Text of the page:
Continue reading

November 8, 2017

Requiem for a running back

Filed under: Film,health and fitness,sports — louisproyect @ 9:08 pm

In choosing the title “Requiem for a Running Back” for her profoundly moving documentary about football and CTE, director Rebecca Carpenter, the daughter of its subject Lew Carpenter, might have had the 1956 teleplay by Rod Serling in mind. Serling’s “Requiem for a Heavyweight” starred Jack Palance as the boxer Harlan “Mountain” McClintock, who is at the end of his career and already showing signs of dementia pugilistica or “punch drunk syndrome”. In telling the story of her father, who was a halfback with the Green Bay Packers and other teams from 1953 to 1963, she conveys the same kind of dramatic intensity Serling brought to his teleplay. As is so often the case, the truth of a documentary reaches heights that no fiction can reach. The film, which opens on Friday at the Cinema Village in New York and the Gene Siskel Film Center in Chicago, now has the inside track for my pick as best documentary of 2017.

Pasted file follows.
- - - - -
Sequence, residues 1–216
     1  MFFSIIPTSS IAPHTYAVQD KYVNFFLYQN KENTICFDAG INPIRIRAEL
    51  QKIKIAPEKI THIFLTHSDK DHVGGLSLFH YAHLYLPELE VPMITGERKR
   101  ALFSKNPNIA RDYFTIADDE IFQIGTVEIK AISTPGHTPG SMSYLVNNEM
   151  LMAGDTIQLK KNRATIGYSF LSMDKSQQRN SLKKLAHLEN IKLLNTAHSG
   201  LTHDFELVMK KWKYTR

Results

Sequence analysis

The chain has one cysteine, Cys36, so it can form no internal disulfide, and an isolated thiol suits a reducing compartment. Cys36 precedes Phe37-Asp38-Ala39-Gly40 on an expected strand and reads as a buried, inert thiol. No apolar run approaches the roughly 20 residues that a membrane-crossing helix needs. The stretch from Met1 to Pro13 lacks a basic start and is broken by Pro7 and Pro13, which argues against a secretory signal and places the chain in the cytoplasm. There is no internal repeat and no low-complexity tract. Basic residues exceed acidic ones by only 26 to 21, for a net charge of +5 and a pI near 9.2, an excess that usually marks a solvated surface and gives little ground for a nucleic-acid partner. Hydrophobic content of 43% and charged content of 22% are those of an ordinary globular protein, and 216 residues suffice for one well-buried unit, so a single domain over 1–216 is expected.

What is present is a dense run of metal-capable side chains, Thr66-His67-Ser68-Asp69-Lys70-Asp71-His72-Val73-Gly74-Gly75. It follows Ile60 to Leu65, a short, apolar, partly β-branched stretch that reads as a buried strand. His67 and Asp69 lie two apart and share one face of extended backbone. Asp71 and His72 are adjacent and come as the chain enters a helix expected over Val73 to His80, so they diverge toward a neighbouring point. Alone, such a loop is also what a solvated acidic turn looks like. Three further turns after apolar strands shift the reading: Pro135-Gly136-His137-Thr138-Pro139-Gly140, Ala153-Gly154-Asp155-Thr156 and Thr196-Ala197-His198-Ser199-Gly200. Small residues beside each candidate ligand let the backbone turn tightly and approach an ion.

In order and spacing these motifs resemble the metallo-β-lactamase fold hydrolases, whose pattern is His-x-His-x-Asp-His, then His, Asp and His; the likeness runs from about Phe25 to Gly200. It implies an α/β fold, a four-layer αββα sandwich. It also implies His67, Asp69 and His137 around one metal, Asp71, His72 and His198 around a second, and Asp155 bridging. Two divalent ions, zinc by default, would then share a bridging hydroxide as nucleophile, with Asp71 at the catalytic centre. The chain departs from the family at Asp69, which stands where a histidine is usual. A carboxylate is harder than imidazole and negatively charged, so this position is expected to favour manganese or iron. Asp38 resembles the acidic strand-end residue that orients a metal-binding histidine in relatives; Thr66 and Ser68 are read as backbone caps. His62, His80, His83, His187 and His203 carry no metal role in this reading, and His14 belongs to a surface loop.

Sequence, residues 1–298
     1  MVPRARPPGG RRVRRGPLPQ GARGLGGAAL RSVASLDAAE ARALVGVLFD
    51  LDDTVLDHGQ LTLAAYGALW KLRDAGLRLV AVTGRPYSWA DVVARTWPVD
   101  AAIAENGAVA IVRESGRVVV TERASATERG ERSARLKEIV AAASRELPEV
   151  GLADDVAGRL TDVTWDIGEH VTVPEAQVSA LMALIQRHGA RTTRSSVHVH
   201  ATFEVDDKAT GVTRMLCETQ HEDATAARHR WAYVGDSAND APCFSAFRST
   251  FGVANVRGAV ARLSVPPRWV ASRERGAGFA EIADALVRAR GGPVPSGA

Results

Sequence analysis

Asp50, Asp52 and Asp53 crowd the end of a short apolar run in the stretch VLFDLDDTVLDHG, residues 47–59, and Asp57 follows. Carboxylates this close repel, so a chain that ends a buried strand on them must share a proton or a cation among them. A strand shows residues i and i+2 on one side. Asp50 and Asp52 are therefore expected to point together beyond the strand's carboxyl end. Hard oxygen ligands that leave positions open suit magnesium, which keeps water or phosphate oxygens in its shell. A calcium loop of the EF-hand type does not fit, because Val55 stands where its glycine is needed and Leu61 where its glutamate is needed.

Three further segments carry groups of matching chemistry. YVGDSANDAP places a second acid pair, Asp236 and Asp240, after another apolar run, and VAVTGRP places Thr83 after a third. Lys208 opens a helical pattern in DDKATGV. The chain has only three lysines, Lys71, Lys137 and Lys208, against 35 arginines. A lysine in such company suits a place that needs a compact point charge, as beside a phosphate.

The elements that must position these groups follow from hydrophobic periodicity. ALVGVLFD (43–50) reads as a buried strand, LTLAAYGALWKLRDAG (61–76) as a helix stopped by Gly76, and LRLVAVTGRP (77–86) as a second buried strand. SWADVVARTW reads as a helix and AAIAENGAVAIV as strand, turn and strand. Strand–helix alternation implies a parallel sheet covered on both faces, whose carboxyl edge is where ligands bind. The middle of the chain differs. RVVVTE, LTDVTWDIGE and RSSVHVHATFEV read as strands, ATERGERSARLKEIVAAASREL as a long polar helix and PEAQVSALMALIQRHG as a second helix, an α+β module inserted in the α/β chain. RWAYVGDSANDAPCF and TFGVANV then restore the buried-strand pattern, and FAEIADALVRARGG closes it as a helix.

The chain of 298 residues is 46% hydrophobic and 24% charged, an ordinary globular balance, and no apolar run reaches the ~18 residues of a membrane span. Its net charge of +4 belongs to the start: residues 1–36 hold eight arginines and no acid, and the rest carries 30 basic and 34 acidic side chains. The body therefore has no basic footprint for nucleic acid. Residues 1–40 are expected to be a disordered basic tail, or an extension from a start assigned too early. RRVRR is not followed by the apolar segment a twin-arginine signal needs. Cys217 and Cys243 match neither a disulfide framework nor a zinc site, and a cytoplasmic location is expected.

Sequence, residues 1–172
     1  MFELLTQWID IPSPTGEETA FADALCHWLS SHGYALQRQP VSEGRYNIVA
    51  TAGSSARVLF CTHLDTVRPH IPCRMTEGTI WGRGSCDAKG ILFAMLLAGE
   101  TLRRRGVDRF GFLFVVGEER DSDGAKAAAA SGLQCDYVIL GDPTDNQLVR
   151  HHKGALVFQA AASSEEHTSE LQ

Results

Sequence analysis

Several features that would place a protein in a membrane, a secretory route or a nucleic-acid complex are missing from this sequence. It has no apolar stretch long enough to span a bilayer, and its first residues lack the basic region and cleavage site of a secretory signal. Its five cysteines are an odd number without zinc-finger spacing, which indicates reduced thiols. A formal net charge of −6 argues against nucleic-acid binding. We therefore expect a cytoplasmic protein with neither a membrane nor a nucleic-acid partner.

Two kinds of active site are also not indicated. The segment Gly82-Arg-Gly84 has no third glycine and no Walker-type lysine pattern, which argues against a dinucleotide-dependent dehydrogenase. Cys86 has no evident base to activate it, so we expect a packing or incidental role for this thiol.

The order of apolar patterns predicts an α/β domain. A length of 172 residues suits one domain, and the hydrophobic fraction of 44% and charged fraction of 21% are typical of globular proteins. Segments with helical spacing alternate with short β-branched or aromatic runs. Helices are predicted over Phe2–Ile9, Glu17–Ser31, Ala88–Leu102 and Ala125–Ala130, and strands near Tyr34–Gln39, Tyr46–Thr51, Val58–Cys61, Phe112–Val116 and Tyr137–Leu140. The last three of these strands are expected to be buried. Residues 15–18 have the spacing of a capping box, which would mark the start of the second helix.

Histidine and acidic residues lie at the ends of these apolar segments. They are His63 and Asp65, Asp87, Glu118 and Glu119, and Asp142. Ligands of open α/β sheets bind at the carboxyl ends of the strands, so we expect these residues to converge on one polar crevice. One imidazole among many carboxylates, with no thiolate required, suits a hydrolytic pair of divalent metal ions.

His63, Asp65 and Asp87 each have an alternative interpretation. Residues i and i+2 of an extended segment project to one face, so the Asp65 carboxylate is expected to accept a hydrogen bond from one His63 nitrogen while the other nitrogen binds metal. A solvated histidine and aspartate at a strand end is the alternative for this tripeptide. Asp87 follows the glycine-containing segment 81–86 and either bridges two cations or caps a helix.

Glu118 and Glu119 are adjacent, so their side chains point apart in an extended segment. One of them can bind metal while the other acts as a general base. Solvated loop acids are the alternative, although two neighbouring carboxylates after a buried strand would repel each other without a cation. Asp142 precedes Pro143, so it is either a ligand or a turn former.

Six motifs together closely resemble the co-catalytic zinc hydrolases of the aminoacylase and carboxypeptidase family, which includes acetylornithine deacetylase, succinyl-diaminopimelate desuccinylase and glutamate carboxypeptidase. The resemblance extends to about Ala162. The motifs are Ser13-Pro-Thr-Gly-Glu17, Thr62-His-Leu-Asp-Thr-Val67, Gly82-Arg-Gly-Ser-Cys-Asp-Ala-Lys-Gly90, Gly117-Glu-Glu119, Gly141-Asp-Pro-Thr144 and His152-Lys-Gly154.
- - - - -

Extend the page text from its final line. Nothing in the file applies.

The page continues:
Jack Palance played Harlan “Mountain” McClintock, someone for whom boxing was all he ever knew and terrified of trying something new—so much so that he signed up for a fight even though doctors warned that it might kill him. After Lew Carpenter’s football career came to an end, he started a new career as a coach under Vince Lombardi who he idolized. As he approached middle age, Carpenter began to exhibit the traits that all CTE sufferers display: loss of memory, depression, fits of anger, and intellectual deficits. But when he was coaching, they were kept under control. It was only when he could no longer coach that they escalated radically to the point of breaking up his marriage and creating a deep estrangement with his daughters, one of whom was Rebecca Carpenter destined to graduate from Harvard University and begin a career in television, film, and education. With a mission to discover who her father was through interviews with former players who knew him probably better than she did—his surrogate sons—and her obvious grasp of the art of the documentary, she has made a film for the ages.